Understanding how users navigate webpages can be very hard. Some approaches use funnel analysis, calculating conversion rates on specific user behaviors, or sankey diagrams. However both techniques fail when you want to understand general user behaviour in websites with more than tens of pages. With Graphext, we have created a network visualization of how users navigate in hundreds of pages, and we are able to correlate their navigation patterns with specific user profiles to explain different types of behaviours.
We have worked with the Digital and Sales Strategy Department from ING to extract insights from their website navigation data. They wanted to understand how customers that had bought a product navigated differently from those that had not, see their navigation paths and identify other factors that may have impacted their purchase decisions. The challenge is that ING website has hundreds of pages that a client can visit, and it is challenging to correlate navigation data and client characteristics for analysis. ING relied on Graphext to deliver an innovative solution to solve this problem. To illustrate this example, all data in this post is anonymised.
We started by using navigation data in a “log” format, meaning a list of record per user visit in a webpage containing timestamp, user ID, page ID and session ID. You can easily extract this type of data from any webpage analytics service. We also had a “user dictionary” with information associated to each user ID, and a “page dictionary” with information associated to each page ID.
Using Graphext, we are able to visualise the network of the navigation of all the users. Each node is a page, and the links between nodes represent their connection to other pages. The size of the node represents the number of users visited that page. At a first glance, we are able to identify the main pages and the main groups of routes, represented with different colours using unsupervised clustering.
Double clicking on a specific node, we can see the incoming and outgoing links to the correspondent pages, the width of the link is proportional to the number of visits from each node . We can also switch to “only incoming” or “only outgoing” modes.
Since we have all the user variables of these pages, we can easily filter “routes” based on different user behaviour. For example, we have a target variable that we want to analyse, such as “the user has bought product A”. We just filter by this variable in Graphext, and get the routes with more than 75% of people who have bought the product.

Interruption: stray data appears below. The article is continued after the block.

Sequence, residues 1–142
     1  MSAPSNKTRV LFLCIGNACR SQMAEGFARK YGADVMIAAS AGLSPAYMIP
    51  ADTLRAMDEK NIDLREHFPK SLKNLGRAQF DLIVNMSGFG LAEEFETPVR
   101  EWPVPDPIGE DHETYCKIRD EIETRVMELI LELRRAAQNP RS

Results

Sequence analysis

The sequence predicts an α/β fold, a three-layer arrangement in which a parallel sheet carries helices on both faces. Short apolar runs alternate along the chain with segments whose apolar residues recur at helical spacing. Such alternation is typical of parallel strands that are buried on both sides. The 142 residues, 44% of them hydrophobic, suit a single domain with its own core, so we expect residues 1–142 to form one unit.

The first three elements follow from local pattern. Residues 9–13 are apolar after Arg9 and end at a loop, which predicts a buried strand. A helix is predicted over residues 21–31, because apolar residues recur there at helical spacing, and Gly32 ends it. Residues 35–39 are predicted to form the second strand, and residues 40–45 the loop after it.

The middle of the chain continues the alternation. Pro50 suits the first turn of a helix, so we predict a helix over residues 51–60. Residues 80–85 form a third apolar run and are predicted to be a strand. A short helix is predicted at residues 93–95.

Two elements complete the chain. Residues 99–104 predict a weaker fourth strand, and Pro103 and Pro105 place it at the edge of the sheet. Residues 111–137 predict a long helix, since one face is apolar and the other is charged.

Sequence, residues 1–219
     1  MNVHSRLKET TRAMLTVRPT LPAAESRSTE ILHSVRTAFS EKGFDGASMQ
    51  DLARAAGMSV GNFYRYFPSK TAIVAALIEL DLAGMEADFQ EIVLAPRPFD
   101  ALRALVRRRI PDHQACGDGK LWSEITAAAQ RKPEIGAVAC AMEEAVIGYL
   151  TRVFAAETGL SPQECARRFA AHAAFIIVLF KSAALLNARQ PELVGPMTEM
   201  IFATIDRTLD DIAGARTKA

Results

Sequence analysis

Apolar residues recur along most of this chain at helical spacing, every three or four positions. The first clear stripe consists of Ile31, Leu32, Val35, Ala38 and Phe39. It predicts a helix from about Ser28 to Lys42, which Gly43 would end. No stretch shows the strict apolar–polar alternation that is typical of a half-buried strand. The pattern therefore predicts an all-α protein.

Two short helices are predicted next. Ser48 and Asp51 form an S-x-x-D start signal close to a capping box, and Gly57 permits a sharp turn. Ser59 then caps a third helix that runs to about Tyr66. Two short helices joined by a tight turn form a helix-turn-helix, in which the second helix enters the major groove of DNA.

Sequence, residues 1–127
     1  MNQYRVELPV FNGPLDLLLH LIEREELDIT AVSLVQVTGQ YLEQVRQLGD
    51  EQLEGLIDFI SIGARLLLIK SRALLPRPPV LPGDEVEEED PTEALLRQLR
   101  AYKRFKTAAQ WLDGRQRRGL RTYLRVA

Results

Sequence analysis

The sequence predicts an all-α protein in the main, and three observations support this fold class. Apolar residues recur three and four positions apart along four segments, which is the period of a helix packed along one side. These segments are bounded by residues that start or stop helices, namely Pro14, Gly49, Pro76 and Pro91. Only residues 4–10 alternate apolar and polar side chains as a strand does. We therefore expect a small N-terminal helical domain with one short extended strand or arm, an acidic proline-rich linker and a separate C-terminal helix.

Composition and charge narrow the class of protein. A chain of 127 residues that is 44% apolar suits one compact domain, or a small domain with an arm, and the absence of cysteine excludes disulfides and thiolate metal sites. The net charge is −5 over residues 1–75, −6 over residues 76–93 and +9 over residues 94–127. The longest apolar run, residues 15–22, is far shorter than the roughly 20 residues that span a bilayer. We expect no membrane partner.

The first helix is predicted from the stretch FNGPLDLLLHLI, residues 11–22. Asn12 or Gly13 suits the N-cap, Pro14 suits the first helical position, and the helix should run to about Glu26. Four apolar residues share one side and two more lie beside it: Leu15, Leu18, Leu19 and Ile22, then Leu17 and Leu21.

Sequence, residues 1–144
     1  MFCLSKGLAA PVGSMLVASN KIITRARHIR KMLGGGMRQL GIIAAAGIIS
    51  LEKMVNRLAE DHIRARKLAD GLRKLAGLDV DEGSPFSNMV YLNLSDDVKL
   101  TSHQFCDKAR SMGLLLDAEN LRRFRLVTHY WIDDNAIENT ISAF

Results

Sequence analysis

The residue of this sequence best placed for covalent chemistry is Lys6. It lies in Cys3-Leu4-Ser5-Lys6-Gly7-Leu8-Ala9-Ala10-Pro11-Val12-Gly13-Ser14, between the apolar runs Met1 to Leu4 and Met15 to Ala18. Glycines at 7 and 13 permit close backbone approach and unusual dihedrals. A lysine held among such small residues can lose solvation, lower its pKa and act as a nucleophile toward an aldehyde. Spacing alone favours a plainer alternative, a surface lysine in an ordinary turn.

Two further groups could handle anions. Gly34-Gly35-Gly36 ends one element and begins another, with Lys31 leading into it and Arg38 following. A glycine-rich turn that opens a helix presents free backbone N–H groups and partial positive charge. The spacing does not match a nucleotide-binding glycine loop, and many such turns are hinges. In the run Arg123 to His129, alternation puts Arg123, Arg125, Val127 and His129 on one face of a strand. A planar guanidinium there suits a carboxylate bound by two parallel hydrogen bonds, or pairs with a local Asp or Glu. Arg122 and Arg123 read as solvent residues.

We can also visualise the distribution of the variable in the whole network and use it as a heat map, helping us find the main funnels of clients who have bough the product. We can identify routes that may not be related, but have a high proportion of clients in our target. For example, clients that have bought the target product probably have read blog posts, or come from webpages of other products. We can also detect bottlenecks or dead ends of traffic for that specific client behaviour.
For example, from the central node highlighted in green at the bottom of the image, users can move to six pages. Users that move to the pages on the top have a much higher probability of purchasing (yellow in the heat map) than those moving to the rest of the pages. So probably, you’ll want to facilitate the access to the pages in the yellow nodes.
In summary, the network representation helps you visualise all possible navigation paths at once, so you can build heat maps to identify characteristics of the clients browsing those pages. It helps you overcome the tunnel effect of a traditional funnel analysis and solves the sankey issue of visualising hundreds of connections. In addition, with the exploratory interaction through Graphext, you can easily identify navigation patterns of different customer segments based on their characteristics.
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